Alternatively or in addition to material choices, a substantially rigid support body may be fitted with structural characteristics that allow it suitably transfer heat. The support body may, for example, be provided with one or more cooling channels through which — during use — a cooling fluid may be circulated, and/or cooling fins capable of dissipating LED generated heat.
The above-mentioned and other features and advantages of the invention will be more fully understood from the following detailed description of certain embodiments of the invention, taken together with the accompanying drawings that are meant to illustrate and not to limit the invention.
Brief description of the figures
Fig. 1 is a schematic sectional view of an exemplary stereolithography apparatus in which the illumination system according to the present invention may be used; and
Figs. 2-4 schematically illustrate certain embodiments of an illumination system according to the present invention.
Fig. 5A and 5B show a schematic side view and a perspective view of a further embodiment.
In the drawings, identical reference numbers identify similar elements. The sizes, shapes, relative positions and angles of elements in the drawings are not necessarily drawn to scale, and some of these elements may be arbitrarily enlarged and positioned to improve drawing legibility. Further, the particular shapes of the elements as drawn are not intended to convey any information regarding the actual shape of the particular elements, and may have been solely selected for ease of recognition in the drawings. Detailed description
Reference is first made to Fig. 1, which shows a sectional side view of an exemplary stereolithography apparatus (SLA) 1 in which the illumination system according to the present invention may be implemented. The SLA 1 may be used for the layerwise production of a tangible object 2, such as a prototype or model of an article of manufacture. The SLA 1 comprises a carrier plate 4, a liquid reservoir 10, and an illumination system 30.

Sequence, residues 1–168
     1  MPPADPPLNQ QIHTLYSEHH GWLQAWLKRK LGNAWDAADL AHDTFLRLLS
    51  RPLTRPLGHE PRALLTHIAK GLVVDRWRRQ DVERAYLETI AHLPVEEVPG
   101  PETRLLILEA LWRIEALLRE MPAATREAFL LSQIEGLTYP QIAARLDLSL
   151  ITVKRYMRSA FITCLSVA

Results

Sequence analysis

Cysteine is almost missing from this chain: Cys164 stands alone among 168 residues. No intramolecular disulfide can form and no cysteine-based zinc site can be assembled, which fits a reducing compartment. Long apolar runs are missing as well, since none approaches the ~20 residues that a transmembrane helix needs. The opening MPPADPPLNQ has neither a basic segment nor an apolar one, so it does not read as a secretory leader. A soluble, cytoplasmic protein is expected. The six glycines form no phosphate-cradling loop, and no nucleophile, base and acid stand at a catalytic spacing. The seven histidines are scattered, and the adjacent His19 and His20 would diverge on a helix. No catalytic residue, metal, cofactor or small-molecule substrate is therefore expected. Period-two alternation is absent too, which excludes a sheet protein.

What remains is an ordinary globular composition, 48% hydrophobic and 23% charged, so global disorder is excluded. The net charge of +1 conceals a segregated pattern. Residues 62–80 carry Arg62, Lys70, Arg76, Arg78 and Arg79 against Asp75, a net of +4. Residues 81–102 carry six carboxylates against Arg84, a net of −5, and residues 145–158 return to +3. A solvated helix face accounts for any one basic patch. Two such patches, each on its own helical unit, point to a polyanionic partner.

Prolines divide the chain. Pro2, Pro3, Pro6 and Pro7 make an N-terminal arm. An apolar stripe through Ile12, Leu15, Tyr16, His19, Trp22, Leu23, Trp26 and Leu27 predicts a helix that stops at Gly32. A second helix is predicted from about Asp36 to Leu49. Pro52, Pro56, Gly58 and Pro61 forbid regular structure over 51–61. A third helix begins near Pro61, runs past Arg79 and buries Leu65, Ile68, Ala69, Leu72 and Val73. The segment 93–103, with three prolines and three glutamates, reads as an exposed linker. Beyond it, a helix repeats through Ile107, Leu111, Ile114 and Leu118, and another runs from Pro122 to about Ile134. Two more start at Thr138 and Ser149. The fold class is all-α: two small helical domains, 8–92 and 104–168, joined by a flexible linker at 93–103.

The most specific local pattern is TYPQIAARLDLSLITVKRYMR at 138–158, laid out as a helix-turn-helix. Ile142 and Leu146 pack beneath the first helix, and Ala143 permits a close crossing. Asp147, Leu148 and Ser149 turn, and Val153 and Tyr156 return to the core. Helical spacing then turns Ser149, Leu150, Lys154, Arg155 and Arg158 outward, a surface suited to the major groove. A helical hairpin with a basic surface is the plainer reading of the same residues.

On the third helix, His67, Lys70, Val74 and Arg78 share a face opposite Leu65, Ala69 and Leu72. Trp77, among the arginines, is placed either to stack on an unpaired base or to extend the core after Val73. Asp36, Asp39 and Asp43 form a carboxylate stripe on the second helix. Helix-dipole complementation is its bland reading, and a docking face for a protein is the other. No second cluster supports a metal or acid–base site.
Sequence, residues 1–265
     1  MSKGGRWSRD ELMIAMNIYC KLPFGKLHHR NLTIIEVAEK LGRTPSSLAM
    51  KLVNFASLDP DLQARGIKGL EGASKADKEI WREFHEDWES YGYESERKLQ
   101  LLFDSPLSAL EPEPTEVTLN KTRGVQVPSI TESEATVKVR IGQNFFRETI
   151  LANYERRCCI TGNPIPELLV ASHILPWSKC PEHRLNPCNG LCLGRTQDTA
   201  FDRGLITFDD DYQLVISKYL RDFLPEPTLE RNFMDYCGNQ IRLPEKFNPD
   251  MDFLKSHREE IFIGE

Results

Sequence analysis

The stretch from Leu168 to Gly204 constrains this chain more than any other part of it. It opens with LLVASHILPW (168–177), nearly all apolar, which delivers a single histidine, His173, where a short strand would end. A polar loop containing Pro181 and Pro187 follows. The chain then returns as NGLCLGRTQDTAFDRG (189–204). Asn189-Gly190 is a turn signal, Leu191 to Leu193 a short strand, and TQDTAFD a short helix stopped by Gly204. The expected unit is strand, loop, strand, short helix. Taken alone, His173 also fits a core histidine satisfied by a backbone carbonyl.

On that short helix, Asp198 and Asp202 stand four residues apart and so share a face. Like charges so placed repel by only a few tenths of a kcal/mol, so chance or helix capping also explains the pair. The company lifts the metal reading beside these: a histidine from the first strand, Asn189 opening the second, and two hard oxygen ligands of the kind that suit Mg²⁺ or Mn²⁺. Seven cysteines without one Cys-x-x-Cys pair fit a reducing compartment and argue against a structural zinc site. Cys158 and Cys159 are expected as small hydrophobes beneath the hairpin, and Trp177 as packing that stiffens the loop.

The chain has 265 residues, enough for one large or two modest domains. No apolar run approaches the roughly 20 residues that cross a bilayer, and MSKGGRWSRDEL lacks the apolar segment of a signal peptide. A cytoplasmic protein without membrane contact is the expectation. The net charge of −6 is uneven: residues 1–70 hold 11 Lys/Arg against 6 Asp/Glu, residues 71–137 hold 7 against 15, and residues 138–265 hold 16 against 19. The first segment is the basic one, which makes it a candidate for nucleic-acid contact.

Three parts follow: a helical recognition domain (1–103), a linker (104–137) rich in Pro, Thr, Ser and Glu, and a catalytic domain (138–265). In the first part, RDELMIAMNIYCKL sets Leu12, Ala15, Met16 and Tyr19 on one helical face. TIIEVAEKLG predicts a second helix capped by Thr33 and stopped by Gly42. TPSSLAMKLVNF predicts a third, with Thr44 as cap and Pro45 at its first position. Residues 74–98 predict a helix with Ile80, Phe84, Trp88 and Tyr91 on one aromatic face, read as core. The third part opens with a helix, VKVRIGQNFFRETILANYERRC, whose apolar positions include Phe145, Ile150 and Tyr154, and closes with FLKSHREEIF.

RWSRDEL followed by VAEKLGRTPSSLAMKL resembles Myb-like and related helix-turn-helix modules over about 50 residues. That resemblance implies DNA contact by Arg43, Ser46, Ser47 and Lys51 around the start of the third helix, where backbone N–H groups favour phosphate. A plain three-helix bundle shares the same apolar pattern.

During production, the tangible object 2 is suspended from the carrier plate 4 to which the first-constructed layer of the object 2, and indirectly also any subsequent layers, adhere. The carrier plate 4 is moveable in a direction 6 by means of a drive mechanism (not shown), and is moved upward one layer thickness each time a new layer has been constructed.
The liquid reservoir 10 is filled with a liquid, photo-curable resin 14. A bottom plate 12 of the liquid reservoir 10 is optically transparent to the light emitted by the illumination system 30, which is to be described hereafter. The bottom plate 12 also functions as a construction shape that bounds one side of a liquid layer 16 to be (partially) solidified. It will be clear that once a layer has been constructed, and the carrier plate 4 is moved upward one layer thickness, the space between the lastly constructed layer and the bottom plate 12 is filled with resin 14, so as to form said liquid layer 16.
The SLA 1 also comprises an illumination system 30 that is adapted to selectively illuminate a predetermined area of the liquid layer 16. As a result of the illumination, a solid layer 18 of the tangible object 2 may be obtained, said layer 18 having a predetermined shape in accordance with the applied illumination pattern. The illumination system 30 includes an LED array 32 and an imaging system that comprises two multi-lens arrays 40, 42. In other embodiments, the imaging system may comprise a different number of multi-lens arrays, for example just one, and/or other elements, depending on the desired configuration. At a high numerical aperture for example, a numerical aperture in the range of 0,3-0,8 or even higher then 0,8 slight changes in the position of an LED may have enlarged effects on the dimensions of its conjugate image spot. By way of example: the image spots in question may have a diameter on the order of 100 μm, whereby effective spot separation distances of 50 μm may be effected. If an LED would be positioned 10 μm from its ideal position (in a direction parallel to the optical axis of the optical system), this deviation might cause an increase in image spot diameter of about 30 μm. Obviously, this is a significant and in fact unacceptable aberration. Deviations of the LEDs from their ideal positions in directions perpendicular to the optical axis of the optical system may not be enlarged, but merely passed on to the image. Still, when aiming for an effective spot separation distance of 50 μm or less, deviations of 10 μm may seriously impair the resolution of the system.